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Posts Tagged ‘Catholics’

Samuel Gregg over at the Acton Institute thinks that, in the new book Light of the World, Pope Benedict XVI shows that he’s a Christian radical. That may not mean what you think it means. Read on to find out.

Even if you’re not interested in anything to do with this Pope, the article addresses core aspects of Christianity in a thoughtful way, and is therefore worth a read.

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In Beyond a House Divided: The Moral Consensus Ignored by Washington, Wall Street & the Media (released today), Carl A. Anderson argues that Americans are far more in agreement on social issues than pundits, the media, and politicians like to think. Book website here.

Anderson is supreme knight of the Knights of Columbus, and a New York Times bestselling author.

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In a post titled Nicholas Sparks: The Safe Haven of Commitment, Tony Rossi writes:

“Love doesn’t mean anything if you’re not willing to make a commitment.”

Though that line is spoken by one of the characters in Nicholas Sparks’ new novel Safe Haven, it’s a viewpoint the best-selling author shares.

With the success of books and movies like The Notebook and Dear John, Sparks has a well-founded reputation for being able to craft romantic stories that touch people’s hearts. But romance alone isn’t enough to create a meaningful, lasting relationship like he’s had with his wife Cathy for over twenty years.

In a recent interview with Christopher Closeup, Sparks explained that he once had a debate with his brother Micah about this very topic. Micah suggested that communication is most important in a relationship. That led Nicholas to ask, “What does communication matter if you’re not committed to each other? People who’ve been married a long time or been in any relationship — whether it’s with your parents or with your children — you know that emotionally, it’s going to go up and down. Love is not a straight line. If you’re committed, you know you’ll work through whatever’s keeping you down, that you’ll come out on the other side, and it will get better again.”

Amen to that. Read the whole piece. It’s got more good observations, and food for thought.

hat tip: The Anchoress

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Sometimes an atheist will find a beacon in the darkness (whether the beacon knows it or not).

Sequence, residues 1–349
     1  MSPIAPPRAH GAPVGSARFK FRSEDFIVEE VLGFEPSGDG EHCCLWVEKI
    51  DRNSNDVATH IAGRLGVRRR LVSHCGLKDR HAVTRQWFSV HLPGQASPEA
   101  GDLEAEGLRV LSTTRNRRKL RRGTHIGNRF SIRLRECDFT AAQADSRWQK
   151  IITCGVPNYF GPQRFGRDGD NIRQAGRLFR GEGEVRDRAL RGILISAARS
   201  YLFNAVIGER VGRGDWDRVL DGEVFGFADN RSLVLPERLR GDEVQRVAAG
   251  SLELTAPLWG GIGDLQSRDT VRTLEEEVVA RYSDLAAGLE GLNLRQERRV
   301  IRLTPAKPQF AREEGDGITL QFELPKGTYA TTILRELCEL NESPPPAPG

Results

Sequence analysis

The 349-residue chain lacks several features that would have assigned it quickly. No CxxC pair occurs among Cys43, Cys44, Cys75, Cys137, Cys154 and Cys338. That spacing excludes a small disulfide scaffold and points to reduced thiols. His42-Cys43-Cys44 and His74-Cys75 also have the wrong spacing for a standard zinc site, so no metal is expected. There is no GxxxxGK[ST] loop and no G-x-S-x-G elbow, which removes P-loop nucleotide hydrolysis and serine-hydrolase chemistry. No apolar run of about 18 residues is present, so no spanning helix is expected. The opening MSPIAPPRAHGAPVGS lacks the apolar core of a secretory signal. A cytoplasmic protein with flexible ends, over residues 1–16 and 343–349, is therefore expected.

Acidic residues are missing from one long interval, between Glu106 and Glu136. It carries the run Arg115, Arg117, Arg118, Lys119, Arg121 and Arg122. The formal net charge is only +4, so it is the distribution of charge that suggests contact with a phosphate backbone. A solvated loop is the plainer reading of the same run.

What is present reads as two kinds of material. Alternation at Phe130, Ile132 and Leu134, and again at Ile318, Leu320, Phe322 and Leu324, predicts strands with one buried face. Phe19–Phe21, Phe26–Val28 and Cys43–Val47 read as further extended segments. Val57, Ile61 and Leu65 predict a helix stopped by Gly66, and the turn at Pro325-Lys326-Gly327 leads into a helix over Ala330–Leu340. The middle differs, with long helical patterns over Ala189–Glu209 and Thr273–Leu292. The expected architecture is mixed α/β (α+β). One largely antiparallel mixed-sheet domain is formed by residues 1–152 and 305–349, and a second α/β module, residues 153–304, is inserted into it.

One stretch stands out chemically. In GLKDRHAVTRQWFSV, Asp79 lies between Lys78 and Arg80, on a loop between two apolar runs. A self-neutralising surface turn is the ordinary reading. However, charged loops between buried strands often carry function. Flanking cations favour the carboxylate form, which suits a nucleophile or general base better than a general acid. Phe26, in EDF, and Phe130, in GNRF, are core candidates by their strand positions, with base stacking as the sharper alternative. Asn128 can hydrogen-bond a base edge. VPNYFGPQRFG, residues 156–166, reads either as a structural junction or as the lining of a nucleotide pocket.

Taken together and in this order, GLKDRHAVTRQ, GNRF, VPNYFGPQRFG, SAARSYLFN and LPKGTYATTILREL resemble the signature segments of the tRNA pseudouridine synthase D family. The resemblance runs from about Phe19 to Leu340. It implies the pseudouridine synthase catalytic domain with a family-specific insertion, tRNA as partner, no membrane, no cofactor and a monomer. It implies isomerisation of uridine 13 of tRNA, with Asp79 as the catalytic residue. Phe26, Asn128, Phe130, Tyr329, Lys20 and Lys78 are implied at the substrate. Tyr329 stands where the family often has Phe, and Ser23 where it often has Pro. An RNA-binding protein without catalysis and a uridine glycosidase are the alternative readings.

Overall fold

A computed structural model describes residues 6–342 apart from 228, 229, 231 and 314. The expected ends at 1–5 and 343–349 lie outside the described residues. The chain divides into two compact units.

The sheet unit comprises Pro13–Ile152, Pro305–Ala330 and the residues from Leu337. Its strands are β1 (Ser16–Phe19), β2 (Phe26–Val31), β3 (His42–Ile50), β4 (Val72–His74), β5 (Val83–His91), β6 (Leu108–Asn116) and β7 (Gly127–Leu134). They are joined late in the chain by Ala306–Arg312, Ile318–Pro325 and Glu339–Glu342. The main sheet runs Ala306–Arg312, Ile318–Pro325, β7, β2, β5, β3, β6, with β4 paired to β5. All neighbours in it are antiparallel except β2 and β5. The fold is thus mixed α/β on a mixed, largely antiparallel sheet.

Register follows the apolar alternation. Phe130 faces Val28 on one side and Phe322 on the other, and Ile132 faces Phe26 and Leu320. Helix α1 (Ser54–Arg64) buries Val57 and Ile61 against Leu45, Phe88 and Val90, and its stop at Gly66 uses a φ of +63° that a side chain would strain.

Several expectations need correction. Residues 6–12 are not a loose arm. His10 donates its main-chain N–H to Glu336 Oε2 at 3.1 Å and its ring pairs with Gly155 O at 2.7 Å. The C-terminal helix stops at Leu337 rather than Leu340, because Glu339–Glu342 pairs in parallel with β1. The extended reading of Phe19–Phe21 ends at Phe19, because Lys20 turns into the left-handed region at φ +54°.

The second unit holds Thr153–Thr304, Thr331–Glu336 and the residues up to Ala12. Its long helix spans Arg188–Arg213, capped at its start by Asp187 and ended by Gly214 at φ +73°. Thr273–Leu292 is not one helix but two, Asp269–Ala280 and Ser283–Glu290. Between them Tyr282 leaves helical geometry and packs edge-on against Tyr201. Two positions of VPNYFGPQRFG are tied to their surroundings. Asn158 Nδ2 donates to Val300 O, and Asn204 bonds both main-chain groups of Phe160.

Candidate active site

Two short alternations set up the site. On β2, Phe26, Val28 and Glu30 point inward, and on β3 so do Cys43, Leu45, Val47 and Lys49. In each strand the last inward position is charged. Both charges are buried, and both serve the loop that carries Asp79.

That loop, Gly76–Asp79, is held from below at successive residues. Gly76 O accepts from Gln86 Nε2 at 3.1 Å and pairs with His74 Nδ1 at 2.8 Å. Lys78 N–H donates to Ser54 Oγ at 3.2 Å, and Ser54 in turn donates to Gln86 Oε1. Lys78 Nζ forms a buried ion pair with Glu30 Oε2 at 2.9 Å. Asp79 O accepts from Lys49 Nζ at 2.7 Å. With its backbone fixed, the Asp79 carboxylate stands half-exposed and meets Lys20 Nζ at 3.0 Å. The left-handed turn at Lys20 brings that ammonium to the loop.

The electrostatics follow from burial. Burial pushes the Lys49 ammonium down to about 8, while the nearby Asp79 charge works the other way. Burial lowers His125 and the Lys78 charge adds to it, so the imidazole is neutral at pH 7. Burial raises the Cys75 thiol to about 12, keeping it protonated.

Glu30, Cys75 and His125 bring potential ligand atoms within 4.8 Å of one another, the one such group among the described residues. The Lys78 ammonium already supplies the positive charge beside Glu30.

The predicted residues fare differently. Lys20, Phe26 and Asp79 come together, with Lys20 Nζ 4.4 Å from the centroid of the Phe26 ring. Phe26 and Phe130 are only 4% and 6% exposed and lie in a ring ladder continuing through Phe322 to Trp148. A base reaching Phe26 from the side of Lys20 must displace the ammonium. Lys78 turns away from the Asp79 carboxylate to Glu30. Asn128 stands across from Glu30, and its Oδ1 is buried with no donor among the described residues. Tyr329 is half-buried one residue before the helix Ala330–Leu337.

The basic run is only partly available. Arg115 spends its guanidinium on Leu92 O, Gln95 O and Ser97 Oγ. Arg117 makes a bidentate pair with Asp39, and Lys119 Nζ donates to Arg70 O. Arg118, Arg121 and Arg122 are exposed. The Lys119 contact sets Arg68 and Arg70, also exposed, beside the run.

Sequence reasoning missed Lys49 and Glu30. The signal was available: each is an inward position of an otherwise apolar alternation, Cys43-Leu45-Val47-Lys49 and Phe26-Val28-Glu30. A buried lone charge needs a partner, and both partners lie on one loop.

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The Anchoress has some thoughtful observations about the mine rescue in Chile here, and here.

 

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From the book Disorientation: How to Go to College Without Losing Your Mind, Peter Kreeft thoughtfully takes on Progressivism. There’s also a website for the book.

The marketing is to Catholic teens headed off to college, and their parents, but if Kreeft’s entry is any indication, it could be valuable reading for teens and adults of all faiths.

hat tip: The Anchoress

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… to some degree depends on what you do and say day in and day out. Joshua Mercer has some practical tips on ways to stop being part of the problem. (Oh, you don’ t think you’re ever part of the problem? Are you sure? How sure?)

(hat tip: CatholicVote Facebook page)

(Yes, I’ve finally gotten on Facebook. I haven’t figured it out yet, but I’m on there.)

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Catholic Vote now has a legislative arm. Check out CatholicVoteAction.org. (If you aren’t Catholic, don’t let that stop you.)

If you know of a Christian attending, or working at, a public university in the United States (or are a Christian in college yourself), you might want to check out SpeakUpMovement.org.

If you want to encourage modesty in young people – and encourage the fashion industry to cater to parents who don’t want their daughters to look like streetwalkers – you might want to check out Secret Keeper Girl.

And – just because I haven’t mentioned them in a while, but I think they’ve done great things – don’t forget The Rebelution.

Please feel free to add to the list in the comments. Thanks.

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Evangelical leader Denny Hartford finds a lot for non-Catholics to appreciate in Fr. Val Peter’s Seven Secular Challenges Facing 21st Century Catholics (Paulist Press, 2009). His lengthy, informative review is here.

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I love stories like this: WWII Italian prisoners of war in Wales used vegetable juice as paint, turning a Nissan hut into a chapel full of artwork – and the chapel is still in use today. More, with pictures, at The Practicing Catholic.

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